“Old guy with a gun, it’s just kind of a funny story.”
As soon as David Lowery’s latest film begins, complete with Butch Cassidy and the Sundance Kid style font, you know it’s going to be good. The Old Man & The Gun is both a fantastic movie and beautiful swan song to star Robert Red ford’s 50+ year career. But away from the metatextual stuff, it’s also a bittersweet look at life, the choices we make, and old age catching up to us.
Lowery has managed to perfectly capture the style and visuals of the New Hollywood era, right down to the grain on the film. And I guess it’s also down to the costume and makeup folks because the people in this film look to have been ripped straight out of the era. If it wasn’t for actually knowing the real actors and what they look like, the film could easily pass for a product of the late ’70s/early ’80s. The film has the same easy-going tone as many of Redford’s own films of the era, namely the similarly charming classic caper, The Sting. Set in ’81, The Old Man & the Gun follows career criminal Forrest Tucker as he goes about his business; robbing banks, but being an awfully charming guy whilst doing so. Even the people he sticks up say so. His gang of fellow senior citizen career criminals include the oft-underused Danny Glover and the fantastic Tom Waits (whose having a bit of moment, see the awesome The Ballad of Buster Scruggs for more Waits goodness). A standout moment sees Waits tell a story on why he hates Christmas and you feel like you’re at the bar with Redford’s gang. Cleverly, Lowery just leaves the camera on him, letting Waits ramble on in his trademark gravelly tone as the story gets progressively crazier.
The heart of the film comes when Redford meets Sissy Spacek’s Jewel and they share a simple and charming first meeting at a diner. Spaceck is fantastic as the free spirit Jewel, and a perfect foil for Redford’s free-wheeling bank robber. Their relationship is sweet and thankfully the film never makes a soap-opera out of it. In fact, this relationship at the heart of the film is a good metaphor for the film as a whole; it’s sweet-natured and relaxed and just generally heartwarming. Even when the film focuses on Casey Affleck’s John Hunt, the cop chasing Redford’s gang, it’s still charming and likeable. The highlight of the film sees Hunt catch up to Tucker, albeit accidently, as they are both out at the diner with their respective partners. The conversation between the two, as Tucker faces Hunt for the first time, is like a friendly, chilled version of the Pacino/DeNiro conversation from Heat. Tucker even helps Hunt fix his tie. It’s a lovely scene in the middle of a lovely movie. Things do eventually go awry for Tucker, which hits all the harder for all the loveliness that’s preceded it.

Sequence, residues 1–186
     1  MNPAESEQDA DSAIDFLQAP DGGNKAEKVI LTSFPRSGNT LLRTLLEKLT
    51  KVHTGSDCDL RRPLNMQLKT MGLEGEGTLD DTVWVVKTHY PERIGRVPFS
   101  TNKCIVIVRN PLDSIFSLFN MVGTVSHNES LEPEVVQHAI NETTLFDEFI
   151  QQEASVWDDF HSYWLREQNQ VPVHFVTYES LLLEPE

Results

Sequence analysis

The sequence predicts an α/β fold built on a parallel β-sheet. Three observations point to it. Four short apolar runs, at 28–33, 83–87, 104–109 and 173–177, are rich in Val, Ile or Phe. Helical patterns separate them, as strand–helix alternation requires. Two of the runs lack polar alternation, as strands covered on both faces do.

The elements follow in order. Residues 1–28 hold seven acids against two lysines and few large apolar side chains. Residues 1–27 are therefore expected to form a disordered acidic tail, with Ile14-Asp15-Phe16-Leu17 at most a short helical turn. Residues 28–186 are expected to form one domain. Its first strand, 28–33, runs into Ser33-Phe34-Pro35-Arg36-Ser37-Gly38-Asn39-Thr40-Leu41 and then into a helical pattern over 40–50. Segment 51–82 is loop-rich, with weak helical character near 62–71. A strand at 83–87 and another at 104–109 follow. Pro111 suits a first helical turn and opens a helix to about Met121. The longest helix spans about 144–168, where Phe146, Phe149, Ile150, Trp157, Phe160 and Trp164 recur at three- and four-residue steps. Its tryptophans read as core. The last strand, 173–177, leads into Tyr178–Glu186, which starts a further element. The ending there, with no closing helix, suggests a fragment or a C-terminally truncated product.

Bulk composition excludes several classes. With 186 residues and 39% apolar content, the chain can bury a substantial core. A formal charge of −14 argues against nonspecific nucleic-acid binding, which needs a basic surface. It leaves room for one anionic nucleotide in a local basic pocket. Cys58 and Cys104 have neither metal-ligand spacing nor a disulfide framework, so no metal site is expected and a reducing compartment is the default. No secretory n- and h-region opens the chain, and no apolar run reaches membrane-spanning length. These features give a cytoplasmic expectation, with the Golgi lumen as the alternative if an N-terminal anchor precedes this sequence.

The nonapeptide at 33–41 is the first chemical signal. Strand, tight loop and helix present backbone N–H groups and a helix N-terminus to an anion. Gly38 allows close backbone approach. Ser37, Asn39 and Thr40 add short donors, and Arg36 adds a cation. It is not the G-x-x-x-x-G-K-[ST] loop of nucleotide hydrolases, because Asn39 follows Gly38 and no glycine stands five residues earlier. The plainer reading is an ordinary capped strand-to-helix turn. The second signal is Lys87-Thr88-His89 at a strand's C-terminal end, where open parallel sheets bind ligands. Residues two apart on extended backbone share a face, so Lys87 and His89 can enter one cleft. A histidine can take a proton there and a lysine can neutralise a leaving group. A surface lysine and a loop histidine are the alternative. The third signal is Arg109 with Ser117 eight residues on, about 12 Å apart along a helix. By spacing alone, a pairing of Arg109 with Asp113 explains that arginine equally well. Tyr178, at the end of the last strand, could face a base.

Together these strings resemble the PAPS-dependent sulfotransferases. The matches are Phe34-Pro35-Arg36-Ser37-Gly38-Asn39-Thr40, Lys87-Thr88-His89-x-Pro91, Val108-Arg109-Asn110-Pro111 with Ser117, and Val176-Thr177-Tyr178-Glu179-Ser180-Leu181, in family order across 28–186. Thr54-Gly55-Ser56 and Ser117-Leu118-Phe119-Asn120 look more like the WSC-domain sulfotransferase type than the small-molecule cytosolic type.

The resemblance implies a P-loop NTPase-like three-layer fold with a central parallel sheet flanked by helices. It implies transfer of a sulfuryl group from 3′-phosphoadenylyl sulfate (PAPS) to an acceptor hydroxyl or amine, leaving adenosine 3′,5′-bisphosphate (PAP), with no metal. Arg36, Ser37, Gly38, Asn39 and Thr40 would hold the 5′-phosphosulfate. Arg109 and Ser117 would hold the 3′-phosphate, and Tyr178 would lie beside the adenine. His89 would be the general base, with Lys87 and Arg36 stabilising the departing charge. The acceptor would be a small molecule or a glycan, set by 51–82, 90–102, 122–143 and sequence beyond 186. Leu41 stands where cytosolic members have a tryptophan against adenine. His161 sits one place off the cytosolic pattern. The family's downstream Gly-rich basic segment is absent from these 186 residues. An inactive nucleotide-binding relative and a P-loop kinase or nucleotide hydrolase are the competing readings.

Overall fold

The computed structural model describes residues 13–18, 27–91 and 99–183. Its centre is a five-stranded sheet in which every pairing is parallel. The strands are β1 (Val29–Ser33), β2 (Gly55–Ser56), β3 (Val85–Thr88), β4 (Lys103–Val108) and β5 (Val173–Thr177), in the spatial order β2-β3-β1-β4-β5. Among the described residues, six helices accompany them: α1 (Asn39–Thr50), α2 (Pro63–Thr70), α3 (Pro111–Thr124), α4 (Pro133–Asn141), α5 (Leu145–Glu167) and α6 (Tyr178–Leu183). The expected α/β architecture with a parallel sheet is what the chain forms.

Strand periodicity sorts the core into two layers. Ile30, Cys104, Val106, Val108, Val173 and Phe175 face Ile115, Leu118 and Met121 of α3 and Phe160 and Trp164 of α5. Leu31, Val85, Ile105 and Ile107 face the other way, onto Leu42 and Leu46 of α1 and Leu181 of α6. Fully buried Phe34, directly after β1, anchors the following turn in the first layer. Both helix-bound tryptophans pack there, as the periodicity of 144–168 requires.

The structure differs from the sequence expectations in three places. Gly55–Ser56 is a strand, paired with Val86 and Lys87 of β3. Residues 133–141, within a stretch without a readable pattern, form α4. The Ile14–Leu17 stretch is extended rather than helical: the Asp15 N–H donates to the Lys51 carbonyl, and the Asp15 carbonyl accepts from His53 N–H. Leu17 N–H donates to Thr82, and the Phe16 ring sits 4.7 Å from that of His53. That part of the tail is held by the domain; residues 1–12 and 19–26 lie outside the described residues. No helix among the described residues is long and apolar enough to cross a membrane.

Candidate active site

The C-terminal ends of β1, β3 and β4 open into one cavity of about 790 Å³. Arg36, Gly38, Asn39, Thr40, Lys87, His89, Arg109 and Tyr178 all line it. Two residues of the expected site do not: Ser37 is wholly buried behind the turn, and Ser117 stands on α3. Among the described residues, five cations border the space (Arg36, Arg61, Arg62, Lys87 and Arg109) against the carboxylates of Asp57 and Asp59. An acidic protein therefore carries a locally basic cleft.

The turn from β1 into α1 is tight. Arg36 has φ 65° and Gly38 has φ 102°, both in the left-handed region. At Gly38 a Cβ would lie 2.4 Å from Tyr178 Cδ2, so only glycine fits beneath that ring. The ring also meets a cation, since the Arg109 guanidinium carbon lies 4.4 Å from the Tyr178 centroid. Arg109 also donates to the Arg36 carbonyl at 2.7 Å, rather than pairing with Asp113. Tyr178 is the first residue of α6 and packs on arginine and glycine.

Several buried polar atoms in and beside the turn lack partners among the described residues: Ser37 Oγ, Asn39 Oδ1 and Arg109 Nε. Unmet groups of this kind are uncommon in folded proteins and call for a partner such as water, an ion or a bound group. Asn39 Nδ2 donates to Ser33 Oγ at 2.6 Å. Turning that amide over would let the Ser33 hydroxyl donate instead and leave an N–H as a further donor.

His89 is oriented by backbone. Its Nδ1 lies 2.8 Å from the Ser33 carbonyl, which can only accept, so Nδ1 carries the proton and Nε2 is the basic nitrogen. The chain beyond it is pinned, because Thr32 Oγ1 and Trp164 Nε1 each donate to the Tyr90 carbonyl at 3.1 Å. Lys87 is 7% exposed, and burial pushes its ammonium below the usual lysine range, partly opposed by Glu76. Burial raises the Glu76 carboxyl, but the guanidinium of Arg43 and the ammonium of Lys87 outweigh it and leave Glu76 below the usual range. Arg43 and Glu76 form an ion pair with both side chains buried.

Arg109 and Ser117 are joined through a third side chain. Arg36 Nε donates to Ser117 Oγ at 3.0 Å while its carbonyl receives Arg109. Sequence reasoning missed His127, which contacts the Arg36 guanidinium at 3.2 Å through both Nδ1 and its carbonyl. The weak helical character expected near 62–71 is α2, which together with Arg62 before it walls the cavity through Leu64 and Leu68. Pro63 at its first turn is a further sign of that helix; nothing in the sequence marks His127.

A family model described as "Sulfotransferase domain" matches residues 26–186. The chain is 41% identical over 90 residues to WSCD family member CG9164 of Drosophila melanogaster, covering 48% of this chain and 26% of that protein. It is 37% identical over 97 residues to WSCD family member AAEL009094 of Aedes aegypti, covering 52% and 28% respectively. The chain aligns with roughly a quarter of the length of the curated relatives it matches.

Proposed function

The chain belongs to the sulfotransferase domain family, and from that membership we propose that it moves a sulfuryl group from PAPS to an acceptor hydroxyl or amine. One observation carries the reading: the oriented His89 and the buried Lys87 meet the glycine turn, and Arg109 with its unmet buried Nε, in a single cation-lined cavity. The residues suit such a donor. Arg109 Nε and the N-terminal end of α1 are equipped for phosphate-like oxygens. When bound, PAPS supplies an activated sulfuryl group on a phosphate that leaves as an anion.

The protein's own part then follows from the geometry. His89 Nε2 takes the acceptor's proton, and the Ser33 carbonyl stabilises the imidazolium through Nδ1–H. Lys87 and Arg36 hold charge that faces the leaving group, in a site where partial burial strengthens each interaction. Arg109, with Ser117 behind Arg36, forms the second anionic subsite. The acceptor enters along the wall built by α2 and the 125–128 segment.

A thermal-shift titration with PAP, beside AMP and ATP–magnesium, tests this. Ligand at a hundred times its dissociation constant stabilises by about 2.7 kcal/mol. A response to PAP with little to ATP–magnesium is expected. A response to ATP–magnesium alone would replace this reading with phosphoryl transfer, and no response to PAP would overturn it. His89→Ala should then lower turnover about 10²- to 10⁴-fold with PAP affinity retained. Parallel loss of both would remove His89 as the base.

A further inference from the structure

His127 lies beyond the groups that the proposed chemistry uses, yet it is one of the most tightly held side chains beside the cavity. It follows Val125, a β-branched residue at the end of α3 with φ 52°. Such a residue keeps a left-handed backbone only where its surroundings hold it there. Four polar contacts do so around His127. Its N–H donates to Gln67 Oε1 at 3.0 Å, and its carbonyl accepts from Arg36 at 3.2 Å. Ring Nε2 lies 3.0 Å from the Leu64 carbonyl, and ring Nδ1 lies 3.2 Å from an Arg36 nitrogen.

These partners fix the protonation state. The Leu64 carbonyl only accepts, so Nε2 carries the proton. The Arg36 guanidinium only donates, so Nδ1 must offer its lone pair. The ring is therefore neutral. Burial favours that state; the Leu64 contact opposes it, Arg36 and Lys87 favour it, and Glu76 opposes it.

As career swansongs go, there are many ways Redford could have played it but I am glad he went with this. Forest Tucker is classic Redford; a charming miscreant with a heart of gold. There are meditations on old age and loneliness but the film keeps the tone light and charming. Lowery’s film is beautiful and the stays with you long after it’s finished. Like Affleck’s John Hunt, the experience leaves you inspired by Tucker, hoping you can live you life as care free as him.